2.4.4.Orange County Airport, USA - vehicle tolling
2.4.5.Hong Kong International Airport, China - catering trolleys
2.4.6.Vienna International Airport, Austria - ground support equipment
2.4.7.Charles de Gaulle International Airport, France - taxis
2.4.8.Envirotainer, Belgium - unit load devices
2.4.9.Air Canada - food trolleys
2.4.10.Arlanda International Airport, Sweden parking
2.5.Case studies of active RFID in healthcare
2.5.EIRIS Technology : Who, What, Where and When? - WWWWTM
2.5.1.National Health Service UK social workers
2.5.2.Massachusetts General Hospital, USA people and assets
2.5.3.St Elisabeth Medical Center patients USA
2.5.4.Hospitals, Israel and elsewhere - patient and staff tracking/ alert
2.5.5.Shelby County Regional Medical Center, USA - patient tracking
2.5.6.Royal Sussex County Hospital, UK - assets
2.5.7.HCA Hospital Dallas, USA - mother baby matching
2.5.8.HCA Hospital Arlington, USA - mother baby matching
2.5.9.French Blood Agency, France - chemovigilance
2.5.10.Alexandra Hospital, Singapore - people tracking for SARS and National University Hospital Singapore - people tracking for SARS
2.5.11.Hart District, UK - alarm for elderly
2.6.Case studies of active RFID in the military sector
2.6.EIRIS System Architecture
2.6.1.Kosovo/ US Military - military assets and supplies
2.6.2.Ministry of Defence, UK - military supplies
2.6.3.NATO Supreme Allied Commander Transformation (SACT) assets
2.6.4.Department of Defense, USA - medical supplies
2.6.5.Bosnia/ UK Military - supply chain.
2.7.Case studies of active RFID in logistics
2.7.EIRIS Technology Optimal Installation
2.7.1.NYK Logistics, USA - intermodal freight containers
2.7.2.Fluor Construction, USA pipe spools
2.7.3.Brink's, USA - transport container access
2.7.4.Felixstowe Dock & Rail Company, UK - Rubber Tyre Gantry Cranes RTGC handling intermodal containers
2.7.5.Agricultural Cooperative, France - vehicle tare weighing
2.7.6.Yard management, USA
2.7.7.Spittelau Thermal Waste Treatment Plant, Austria - trucks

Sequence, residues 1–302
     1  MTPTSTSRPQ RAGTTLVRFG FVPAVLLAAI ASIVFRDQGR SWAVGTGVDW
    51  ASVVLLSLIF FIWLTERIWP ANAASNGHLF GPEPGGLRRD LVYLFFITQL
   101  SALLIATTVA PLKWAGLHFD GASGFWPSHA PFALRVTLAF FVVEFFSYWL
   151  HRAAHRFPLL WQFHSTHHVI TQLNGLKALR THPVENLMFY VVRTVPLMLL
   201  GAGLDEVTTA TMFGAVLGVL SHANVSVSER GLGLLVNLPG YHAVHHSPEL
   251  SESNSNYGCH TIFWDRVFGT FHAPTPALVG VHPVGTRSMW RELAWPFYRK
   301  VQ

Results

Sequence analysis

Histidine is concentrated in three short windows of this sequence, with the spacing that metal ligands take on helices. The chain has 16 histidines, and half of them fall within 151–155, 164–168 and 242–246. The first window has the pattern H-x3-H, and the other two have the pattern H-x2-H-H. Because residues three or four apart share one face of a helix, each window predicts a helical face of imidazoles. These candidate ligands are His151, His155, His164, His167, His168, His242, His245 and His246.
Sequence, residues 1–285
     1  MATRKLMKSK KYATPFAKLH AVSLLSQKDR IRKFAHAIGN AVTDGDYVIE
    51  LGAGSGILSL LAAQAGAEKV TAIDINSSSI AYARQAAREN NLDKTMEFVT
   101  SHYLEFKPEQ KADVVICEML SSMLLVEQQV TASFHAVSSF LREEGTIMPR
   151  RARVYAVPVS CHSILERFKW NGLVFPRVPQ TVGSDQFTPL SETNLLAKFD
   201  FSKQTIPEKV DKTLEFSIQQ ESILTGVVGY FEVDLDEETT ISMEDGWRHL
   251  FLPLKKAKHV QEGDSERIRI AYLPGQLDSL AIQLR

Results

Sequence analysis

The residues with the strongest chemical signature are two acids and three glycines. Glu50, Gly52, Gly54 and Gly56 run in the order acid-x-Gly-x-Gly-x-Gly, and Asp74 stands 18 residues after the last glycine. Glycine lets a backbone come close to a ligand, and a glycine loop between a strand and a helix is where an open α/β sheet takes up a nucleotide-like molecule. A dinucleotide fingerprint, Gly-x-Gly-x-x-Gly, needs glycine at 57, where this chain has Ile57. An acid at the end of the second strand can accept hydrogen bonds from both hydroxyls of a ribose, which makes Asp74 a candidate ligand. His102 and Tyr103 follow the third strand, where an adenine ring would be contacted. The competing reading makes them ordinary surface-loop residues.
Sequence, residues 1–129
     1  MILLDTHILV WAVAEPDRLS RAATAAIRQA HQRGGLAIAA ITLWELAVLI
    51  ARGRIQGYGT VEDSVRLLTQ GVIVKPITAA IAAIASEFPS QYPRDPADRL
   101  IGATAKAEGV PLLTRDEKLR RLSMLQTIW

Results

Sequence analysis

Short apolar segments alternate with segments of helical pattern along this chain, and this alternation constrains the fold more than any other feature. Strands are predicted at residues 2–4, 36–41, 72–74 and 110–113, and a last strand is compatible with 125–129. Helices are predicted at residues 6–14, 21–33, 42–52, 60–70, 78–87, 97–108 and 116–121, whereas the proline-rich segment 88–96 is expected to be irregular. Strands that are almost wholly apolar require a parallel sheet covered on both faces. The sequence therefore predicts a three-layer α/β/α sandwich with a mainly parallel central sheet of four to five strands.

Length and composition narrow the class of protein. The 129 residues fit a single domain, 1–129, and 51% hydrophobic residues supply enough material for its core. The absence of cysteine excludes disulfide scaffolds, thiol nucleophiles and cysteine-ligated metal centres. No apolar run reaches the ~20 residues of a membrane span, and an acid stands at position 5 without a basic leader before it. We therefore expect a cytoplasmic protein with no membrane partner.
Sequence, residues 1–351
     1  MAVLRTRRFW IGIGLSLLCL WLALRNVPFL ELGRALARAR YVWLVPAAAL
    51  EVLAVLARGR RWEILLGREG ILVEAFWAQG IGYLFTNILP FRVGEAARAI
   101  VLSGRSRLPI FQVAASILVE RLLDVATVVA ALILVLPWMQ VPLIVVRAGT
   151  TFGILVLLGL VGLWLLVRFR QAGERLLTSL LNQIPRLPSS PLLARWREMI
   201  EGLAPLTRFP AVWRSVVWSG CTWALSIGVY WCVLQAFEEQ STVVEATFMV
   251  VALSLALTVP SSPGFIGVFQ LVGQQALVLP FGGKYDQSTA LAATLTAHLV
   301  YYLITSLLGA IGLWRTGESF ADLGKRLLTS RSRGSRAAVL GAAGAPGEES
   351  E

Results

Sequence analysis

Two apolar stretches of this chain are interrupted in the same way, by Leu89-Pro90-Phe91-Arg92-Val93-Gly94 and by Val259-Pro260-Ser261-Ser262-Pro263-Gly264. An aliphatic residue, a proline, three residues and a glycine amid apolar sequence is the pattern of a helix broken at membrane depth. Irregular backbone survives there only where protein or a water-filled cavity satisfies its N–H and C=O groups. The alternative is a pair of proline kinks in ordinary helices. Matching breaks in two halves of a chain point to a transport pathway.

2.7.8.Seattle Tacoma Sea Port, USA - intermodal container seals
2.7.9.Royal Mail, UK - roll cages
2.7.10.Parcelforce, UK - postal trailers
2.7.11.Mercator Transportation, USA - intermodal container tracking
2.7.12.Lynx Express, UK - roll cages
2.7.13.London Waste, UK - vehicles
2.7.14.J.A.M Distribution and Cemex, USA - vehicle loading and fuelling
2.7.15.HiroCem, Slovakia - trucks
2.7.16.DHL and Nokia, UK/ Finland - cases
2.7.17.Intermodal Cargo Shipments
2.7.18.Carlisle Carriers, USA - tractors and trailers
2.7.19.Alliant Atlantic Food, USA - access control
2.7.20.Somerfield Supermarkets, UK - trucks
2.7.21.Argos, UK - conveyances
2.7.22.Paramount Farms, USA - farming vehicles
2.7.23.Meat producer, Canada - case monitoring
2.8.Case studies of active RFID in Retail
2.8.ELPAS' System Architecture
2.8.1.Selfridges, UK - food containers
2.8.2.Safeway Supermarkets, UK - trolleys
2.9.ELPAS' Healthcare Applications
2.9.1.HM Prison Service, UK - keys
2.9.2.Delta Downs Racetrack and Casino, USA - keys
3.1.Summary of today's RFID physical configurations
3.1.Basic operation of an active RFID system
3.1.The tag
3.2.The interrogator
3.2.RFID - basic operation
3.2.The spectrum of choice between stand alone and networked RFID systems
3.3.The spectrum of choice between basic number plate tags and those with high data retention
3.3.Short range semi- passive tags
3.3.Other system components.
3.4.Multi-tag reading (anti-collision)
3.4.Active beacon tags - long range
3.4.Spectrum of choice from short to long range
3.5.Choice of active RFID tags - typical cost, range, memory
3.5.Antenna hierarchy of Savi EchoPoint active RFID system